By Sebastian Sprenger
August 20, 2007
Despite a growing number of attacks on military networks, securing
enough money for information assurance programs in the defense budgets
is still a hard sell at the Defense Department, said Linton Wells, who
recently left a senior post in the departments Office of the Chief
Its been the source of enormous frustration, Wells said in an Aug. 6
interview, recounting some of the difficulties he faced during his
four-year tenure in the CIOs office.
Wells left the Pentagon in June to hold the positions of distinguished
research fellow and force transformation chair at the National Defense
University in Washington.
Convincing senior budget officials from the services to invest in
information assurance has been difficult because the results of money
spent in that area are difficult to measure, Wells said.
Its a tough audience, because what they say is, Show me how this $2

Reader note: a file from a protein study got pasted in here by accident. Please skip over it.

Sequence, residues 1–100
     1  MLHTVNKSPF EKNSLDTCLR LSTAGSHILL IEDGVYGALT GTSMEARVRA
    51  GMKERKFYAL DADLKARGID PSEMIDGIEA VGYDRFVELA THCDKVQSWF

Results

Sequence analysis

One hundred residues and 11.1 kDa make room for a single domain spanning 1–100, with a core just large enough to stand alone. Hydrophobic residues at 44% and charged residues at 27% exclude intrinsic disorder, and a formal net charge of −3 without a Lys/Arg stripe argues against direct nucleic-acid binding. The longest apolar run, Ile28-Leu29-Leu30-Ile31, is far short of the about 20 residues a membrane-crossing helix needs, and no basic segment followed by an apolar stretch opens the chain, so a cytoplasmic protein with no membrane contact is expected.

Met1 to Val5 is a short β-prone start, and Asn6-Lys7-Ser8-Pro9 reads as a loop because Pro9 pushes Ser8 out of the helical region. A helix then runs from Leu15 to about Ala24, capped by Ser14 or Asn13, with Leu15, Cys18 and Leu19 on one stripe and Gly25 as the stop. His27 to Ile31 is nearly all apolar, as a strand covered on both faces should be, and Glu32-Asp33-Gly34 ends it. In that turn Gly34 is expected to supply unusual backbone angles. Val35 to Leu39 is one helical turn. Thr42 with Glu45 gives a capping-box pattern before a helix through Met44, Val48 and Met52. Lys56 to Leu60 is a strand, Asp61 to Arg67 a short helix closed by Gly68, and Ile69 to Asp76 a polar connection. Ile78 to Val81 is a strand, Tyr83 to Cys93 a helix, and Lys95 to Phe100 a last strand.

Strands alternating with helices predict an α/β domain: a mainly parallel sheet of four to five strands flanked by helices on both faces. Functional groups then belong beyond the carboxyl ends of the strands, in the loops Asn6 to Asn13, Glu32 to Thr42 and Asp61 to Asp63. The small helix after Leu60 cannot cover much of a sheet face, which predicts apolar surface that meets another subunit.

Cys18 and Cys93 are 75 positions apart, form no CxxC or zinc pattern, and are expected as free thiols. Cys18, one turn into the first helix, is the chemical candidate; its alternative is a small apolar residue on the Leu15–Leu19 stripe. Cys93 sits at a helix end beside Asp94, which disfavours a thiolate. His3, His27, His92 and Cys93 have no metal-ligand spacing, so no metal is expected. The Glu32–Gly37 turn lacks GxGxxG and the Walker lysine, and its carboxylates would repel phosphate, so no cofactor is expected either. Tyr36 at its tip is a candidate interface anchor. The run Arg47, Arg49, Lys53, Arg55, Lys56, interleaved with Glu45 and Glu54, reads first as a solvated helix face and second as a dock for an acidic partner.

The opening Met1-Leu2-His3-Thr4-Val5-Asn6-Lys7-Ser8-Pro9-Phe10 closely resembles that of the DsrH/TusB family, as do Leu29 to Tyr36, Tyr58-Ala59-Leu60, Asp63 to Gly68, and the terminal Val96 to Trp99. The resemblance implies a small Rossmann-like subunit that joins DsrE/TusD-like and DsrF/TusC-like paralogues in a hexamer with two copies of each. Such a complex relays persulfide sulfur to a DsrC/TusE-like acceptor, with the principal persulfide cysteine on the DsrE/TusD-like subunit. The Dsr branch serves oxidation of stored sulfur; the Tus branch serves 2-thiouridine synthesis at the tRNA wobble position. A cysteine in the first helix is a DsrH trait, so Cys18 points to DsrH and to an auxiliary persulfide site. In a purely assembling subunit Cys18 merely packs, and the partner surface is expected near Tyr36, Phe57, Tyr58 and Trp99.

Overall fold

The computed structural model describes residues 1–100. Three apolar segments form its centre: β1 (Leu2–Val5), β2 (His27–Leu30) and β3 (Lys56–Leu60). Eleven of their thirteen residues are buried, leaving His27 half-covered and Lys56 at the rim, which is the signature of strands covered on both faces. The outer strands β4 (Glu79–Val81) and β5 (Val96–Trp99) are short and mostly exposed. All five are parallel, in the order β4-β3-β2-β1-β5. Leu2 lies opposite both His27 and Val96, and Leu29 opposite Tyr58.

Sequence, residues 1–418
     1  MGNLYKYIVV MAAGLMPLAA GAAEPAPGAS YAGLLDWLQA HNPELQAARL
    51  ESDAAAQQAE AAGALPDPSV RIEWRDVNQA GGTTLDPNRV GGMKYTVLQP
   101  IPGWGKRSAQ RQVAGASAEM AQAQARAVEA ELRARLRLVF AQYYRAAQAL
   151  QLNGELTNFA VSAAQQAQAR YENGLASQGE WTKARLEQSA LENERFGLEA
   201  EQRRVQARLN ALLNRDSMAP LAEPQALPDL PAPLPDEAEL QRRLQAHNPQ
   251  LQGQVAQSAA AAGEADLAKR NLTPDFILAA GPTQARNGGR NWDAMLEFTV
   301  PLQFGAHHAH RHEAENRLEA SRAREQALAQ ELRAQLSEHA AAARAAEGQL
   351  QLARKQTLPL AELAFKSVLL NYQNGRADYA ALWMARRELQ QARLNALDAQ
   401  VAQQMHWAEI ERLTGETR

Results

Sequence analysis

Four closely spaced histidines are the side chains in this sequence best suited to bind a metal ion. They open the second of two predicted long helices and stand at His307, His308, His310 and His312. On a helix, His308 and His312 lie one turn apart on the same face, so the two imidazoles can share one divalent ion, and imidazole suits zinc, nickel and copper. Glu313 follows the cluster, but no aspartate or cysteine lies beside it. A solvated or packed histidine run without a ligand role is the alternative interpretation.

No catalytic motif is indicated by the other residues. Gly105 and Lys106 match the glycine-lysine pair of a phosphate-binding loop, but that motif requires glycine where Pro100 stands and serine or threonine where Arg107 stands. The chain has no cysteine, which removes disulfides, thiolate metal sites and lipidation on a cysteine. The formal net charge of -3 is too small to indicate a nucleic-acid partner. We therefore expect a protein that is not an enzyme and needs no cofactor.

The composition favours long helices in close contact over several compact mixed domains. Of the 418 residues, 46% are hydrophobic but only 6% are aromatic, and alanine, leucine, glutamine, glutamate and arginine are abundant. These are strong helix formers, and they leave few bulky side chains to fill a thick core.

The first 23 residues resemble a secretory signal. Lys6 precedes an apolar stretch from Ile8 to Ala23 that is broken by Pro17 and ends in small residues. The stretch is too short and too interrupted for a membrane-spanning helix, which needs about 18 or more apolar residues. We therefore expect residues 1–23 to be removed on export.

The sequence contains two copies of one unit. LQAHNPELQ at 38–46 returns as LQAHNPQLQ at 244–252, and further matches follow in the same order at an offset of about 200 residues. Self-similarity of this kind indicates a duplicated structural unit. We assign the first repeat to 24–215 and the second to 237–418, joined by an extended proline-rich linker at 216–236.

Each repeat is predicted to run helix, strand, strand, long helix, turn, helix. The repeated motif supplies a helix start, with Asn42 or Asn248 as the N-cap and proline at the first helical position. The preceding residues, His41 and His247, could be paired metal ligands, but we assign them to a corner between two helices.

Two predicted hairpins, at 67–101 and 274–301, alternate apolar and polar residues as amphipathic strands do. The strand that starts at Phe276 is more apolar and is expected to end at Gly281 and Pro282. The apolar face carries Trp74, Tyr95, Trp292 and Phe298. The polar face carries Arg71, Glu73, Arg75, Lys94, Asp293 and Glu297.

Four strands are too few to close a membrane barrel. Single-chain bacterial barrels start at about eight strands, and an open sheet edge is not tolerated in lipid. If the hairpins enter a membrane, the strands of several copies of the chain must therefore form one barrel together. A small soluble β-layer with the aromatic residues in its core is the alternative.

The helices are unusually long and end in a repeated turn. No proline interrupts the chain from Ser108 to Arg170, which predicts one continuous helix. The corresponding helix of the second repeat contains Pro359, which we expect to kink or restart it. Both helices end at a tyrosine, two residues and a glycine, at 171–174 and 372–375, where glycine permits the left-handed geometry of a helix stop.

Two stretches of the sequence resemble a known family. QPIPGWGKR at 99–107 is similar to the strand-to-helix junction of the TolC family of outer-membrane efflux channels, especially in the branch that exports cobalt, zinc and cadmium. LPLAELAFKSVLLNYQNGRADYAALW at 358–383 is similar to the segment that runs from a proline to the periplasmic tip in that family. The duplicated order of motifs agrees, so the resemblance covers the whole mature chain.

million you want to put on this is going to turn cell C17 from red to
yellow to green in 2011,? Wells said. And thats often a hard thing in
Wells said officials in charge of putting together the budget for the
security of DODs networks need better metrics for measuring return on
investment for information assurance programs.
We have not done a good job in making the case that a dollar spent here
is going to lead to a quantifiable increase there, he said.
John Garstka, a director in the forces transformation and resources
office under the auspices of the undersecretary of Defense for policy,
said quantifying the ROI for anything in the information domain is
difficult. Regarding information assurance programs especially, he said,
it only comes into play when theres a crisis.
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